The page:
Someone else has possession of legal/travel documents Existing debt issues One attorney claiming to represent multiple illegal aliens detained at different locations Third party who insists on interpreting Just enough money to give them a little hope
Labor camps/sweat shops Security intended to keep victims confined Barbed wire Bars on windows Self-contained camps Bouncers, guards, and or guard dogs
Brothels Large amounts of cash and condoms Sparse rooms Men come and go frequently
Immigration status Employment Safety/coercion Social networks
What is their immigration status? How did they enter the U.S.? Do they have personal documents? Do they have authorization to work in the U.S.
Were they forced to have sex? Can they freely leave their employment? What happens if they make a mistake at work? Does employer hold wages? Are there guards at work or video cameras to monitor activities?
Have they been physically harmed? Deprived of food, water, sleep, medical care or other necessities? Has anyone threatened their family?
Are they allowed to buy food or clothes on their own? Can they come and go as they please? Can they freely contact friends, family? Are they free to have a relationship with someone/ Are they isolated from the community? Are minors allowed to attend school?
May not identify themselves as victims May not speak English Likely to lie or use rehearsed stories May be behaviorally dependent on trafficker Cultural or religious background may deter victims from telling the story May be culturally conditioned to fear law enforcement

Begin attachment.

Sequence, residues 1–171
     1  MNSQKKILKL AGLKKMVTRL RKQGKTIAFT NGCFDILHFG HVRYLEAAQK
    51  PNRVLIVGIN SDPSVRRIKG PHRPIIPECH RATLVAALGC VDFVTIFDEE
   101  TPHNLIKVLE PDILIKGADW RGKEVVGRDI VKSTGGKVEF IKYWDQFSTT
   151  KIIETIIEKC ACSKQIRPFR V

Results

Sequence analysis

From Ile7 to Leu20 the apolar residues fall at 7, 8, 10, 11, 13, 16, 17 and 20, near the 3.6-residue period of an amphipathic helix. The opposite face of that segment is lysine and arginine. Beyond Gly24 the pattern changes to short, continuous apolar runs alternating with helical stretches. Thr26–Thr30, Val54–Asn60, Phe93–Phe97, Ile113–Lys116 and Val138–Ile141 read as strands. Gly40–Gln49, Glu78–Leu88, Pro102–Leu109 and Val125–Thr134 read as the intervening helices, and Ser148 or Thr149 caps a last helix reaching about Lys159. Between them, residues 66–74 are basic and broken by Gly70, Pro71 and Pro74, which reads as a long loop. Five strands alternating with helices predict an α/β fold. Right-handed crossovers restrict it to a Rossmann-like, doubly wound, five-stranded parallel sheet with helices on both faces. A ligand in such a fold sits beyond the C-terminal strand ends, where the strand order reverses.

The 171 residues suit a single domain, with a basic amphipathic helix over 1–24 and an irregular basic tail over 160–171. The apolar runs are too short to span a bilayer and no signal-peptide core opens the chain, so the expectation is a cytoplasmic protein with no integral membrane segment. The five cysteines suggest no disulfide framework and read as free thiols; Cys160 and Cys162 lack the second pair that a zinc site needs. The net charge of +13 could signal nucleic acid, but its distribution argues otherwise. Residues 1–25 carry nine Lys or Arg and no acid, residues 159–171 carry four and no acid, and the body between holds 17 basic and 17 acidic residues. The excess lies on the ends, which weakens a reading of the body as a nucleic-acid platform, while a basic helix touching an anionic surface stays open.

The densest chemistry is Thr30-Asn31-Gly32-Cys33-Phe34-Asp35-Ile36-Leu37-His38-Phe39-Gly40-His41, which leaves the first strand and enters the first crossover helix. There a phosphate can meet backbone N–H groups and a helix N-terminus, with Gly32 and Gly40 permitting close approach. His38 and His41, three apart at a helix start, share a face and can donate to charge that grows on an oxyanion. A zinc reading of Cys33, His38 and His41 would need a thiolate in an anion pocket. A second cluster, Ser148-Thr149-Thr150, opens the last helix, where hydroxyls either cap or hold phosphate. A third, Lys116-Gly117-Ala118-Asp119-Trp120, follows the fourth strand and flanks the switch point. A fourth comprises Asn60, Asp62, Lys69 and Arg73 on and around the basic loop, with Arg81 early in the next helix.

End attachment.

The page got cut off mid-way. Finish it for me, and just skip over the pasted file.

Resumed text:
May not want family to know of his/her circumstances May exhibit Stockholm Syndrome-empathy for traffickers Safety for the victims family in the home country
Trafficking Victims Protection Act of 2000 (TVPA) Covers acts involved in recruitment, abduction, transport, harboring, transfer, sale or receipt of persons Through force fraud, or coercion For forced labor or commercial sex acts
Strengthens sentencing guidelines Increases prison terms from 10to 20 years Adds life imprisonment for death, kidnapping, or aggravated sexual abuse of a victim
A term used to describe a process that the Department of Health and Human Services, Office of Refugee Resettlement (HHS or ORR) uses to officially say that a person is a victim of a severe form of human trafficking. It opens the door to a wide range of benefits and help
An adult,(not a child) has to be willing to assist in every reasonable way in the investigation and prosecution of the traffickers. Applicants also must either apply for a T visa or be someone whose continued presence is needed for the prosecution of the traffickers. HHS needs a statement from law enforcement that says that the victim is cooperating with them
Food stamps, cash assistance, medical care TANF Social Security Medicaid Refugee Cash Social Services Job skills training English as a second language classes Counseling Housing Transportation assistance
Continued presence- to allow potential witnesses to remain in the U.S. TVisa- available to victims of a severe form of trafficking to stay if they comply with reasonable requests from law enforcement UVisa -available to persons who are victims of certain violent crimes who have suffered serious and substantial abuse who are helping in the investigation and prosecution of the perpetrators. Employment authorization- to persons with T or U Visas
Legal assistance Emergency shelter, case management, & health screening Food, shelter, crisis counseling Florida Crime Victim Compensation
Be aware of your own biases concerning trafficking victims. No one deserves abuse Report suspected trafficking to Office of the United States Attorney, Douglas Malloy, Chief Assistant U.S. Attorney Trafficking Training Completed Click Here